He got some action during the 2006 season, but it was in 2007 that Ross really broke out.  In 66 games, he hit .335/.411/.653.  He also clubbed 12 home runs.  It was the start to a display of power and average that Ross had not yet shown in his career.  In total, Ross spent five seasons with Florida.  In that time, he hit 80 home runs, posted a respectable 104 OPS+ and made a combined $7,445,000.

The Marlins placed Ross on waivers in August of 2010, and that’s when things got interesting.  It was reported that the San Diego Padres were interested in Ross.  The Marlins seemed willing to trade Ross, but he would have had to clear waivers for that to happen.  Reports surfaced that the Giants put a claim in on Ross to prevent him from going to the Padres – they were in a pennant race with the Giants at the time.  As it turned out, the Giants got Ross and his remaining contract.

In reference to the rumors that the Giants only claimed him to prevent the Padres from doing so, Ross told “Inside the Giants Clubhouse,” “I didn’t worry about it. I just went out and did my job. I was in a lot of talks back in July about getting traded. It was all in the rumor mill and that can put added stress on you. But I tried to just block that out. And once this did go down, my initial feelings were sad because I was leaving a bunch of my friends I had played with for five years in Miami.”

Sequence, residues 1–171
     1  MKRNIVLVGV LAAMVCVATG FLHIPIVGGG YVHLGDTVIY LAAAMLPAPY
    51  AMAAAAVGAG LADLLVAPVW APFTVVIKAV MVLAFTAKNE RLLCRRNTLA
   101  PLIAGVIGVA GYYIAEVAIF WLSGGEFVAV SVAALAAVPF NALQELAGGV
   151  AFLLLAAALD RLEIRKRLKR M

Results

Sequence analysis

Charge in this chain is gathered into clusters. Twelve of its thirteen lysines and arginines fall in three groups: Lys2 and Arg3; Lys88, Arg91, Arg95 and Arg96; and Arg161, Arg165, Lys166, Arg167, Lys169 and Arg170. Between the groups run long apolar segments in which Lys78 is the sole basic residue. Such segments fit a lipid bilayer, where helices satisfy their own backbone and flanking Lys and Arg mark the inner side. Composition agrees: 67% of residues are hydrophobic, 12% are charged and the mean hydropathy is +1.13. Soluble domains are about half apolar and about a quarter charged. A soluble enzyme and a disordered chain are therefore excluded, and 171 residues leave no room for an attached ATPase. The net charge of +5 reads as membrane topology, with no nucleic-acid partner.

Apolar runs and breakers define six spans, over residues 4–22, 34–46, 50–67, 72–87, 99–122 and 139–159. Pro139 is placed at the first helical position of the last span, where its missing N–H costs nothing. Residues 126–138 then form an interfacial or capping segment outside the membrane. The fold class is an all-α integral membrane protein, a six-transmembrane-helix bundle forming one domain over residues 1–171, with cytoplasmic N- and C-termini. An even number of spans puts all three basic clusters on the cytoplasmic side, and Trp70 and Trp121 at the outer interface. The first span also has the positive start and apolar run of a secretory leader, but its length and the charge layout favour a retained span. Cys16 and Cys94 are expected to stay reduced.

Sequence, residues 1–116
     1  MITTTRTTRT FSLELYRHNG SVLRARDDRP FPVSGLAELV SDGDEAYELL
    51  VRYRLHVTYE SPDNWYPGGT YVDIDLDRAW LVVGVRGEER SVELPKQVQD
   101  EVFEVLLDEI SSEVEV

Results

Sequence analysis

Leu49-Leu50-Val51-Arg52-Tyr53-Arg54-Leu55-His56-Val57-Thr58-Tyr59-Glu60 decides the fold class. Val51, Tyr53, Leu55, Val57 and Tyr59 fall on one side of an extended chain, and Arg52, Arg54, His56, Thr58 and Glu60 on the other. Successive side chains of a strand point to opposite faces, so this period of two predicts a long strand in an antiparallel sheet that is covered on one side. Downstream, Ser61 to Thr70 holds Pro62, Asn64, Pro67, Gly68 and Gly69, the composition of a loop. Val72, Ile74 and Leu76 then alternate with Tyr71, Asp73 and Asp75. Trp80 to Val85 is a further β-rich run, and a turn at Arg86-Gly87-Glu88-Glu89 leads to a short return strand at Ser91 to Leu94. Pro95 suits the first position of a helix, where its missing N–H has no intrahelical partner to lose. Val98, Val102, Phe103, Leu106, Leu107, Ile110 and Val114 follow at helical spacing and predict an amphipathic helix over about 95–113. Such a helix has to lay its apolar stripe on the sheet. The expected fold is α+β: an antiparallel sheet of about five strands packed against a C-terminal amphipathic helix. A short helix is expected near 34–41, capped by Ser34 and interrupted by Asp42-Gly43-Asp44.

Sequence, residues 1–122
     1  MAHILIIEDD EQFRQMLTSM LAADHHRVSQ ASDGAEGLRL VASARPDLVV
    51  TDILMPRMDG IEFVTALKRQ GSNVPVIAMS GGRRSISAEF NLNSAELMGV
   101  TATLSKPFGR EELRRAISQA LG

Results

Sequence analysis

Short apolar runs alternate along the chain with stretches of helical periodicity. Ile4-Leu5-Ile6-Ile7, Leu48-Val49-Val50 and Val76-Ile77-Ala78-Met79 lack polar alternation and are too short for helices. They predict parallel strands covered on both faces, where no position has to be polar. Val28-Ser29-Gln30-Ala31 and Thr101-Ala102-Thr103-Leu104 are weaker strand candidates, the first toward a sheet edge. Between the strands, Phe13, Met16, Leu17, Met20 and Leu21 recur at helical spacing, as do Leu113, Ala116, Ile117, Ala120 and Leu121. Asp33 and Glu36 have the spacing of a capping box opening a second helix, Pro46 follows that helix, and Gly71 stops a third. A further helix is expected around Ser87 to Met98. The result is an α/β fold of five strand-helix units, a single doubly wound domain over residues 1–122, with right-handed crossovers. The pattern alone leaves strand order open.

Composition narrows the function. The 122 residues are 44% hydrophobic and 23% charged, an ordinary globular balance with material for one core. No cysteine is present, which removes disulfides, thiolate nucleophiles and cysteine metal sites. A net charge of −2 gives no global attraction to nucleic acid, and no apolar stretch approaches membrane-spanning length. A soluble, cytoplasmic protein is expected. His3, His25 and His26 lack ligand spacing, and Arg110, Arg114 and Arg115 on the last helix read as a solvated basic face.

In 33 games with the Giants, Ross helped push that team to an unlikely World Series berth.  He hit .288/.354/.466 down the stretch.  In the postseason, Ross hit .294/.390/.686 with five home runs.  It was a performance that surely helped the Giants clinch their first World Championship since moving to San Francisco.

But Ross had a backslide year in 2011.  He hit just .240/.325/.405.  He was granted free agency at the end of the year but found little interest.  Eventually he signed with the Red Sox for $3 million.  It was a $3.3 million pay cut from his previous season with San Francisco.

The consistency of teams under-appreciating Cody Ross has been incredible.  This season is further proof of Ross’ talent.  And he’s 31 years old.  Had he been valued better, and used consistently, there’s little doubt that Ross would have been even better in his career.  From 2007 on, Ross has never had a slugging percentage under .400.  He may struggle with average at times, and his OBP is up and down, but his ability to hit for power has almost always been there.

The Red Sox are reaping the benefits of teams across the league ignoring Ross.  He is currently hitting .269/.345/.557, good enough for a 134 OPS+.  He’s almost single-handedly won the last two games for Boston, and he’s once again showing his propensity for power.

Ross has been worth 1.6 WAR to this point.  If he finishes the season here (which is unlikely – he should finish higher), he will have been worth about $5 million.  This means the Red Sox are saving at least $2 million.  However, the word is out on Ross.  He is competitive, fiery, and talented  After this year with the Red Sox (as long as he continues to hit), it’s certain that teams won’t miss on him again.